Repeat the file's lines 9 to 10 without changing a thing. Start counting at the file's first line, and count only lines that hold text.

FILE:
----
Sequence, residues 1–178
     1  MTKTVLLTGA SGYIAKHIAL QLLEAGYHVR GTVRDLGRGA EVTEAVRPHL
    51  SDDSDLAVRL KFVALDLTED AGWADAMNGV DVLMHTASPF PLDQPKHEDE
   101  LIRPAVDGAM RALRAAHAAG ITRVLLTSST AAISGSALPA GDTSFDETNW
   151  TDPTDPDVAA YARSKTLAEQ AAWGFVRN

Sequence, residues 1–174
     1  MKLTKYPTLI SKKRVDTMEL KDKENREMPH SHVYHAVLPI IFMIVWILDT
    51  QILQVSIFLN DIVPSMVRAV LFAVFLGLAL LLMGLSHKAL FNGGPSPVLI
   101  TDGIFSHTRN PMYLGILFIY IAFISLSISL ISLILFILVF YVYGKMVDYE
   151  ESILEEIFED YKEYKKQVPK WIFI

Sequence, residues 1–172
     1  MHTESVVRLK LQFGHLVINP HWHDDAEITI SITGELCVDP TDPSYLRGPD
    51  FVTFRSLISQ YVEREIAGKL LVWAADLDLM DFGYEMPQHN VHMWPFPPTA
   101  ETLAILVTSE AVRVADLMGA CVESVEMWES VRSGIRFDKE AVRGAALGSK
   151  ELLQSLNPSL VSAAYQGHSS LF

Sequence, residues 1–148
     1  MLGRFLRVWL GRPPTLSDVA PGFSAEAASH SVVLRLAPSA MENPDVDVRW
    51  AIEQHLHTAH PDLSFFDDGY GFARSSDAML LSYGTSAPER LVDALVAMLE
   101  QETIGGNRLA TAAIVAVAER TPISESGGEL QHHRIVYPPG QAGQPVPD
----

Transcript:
   101  TDGIFSHTRN PMYLGILFIY IAFISLSISL ISLILFILVF YVYGKMVDYE
   151  ESILEEIFED YKEYKKQVPK WIFI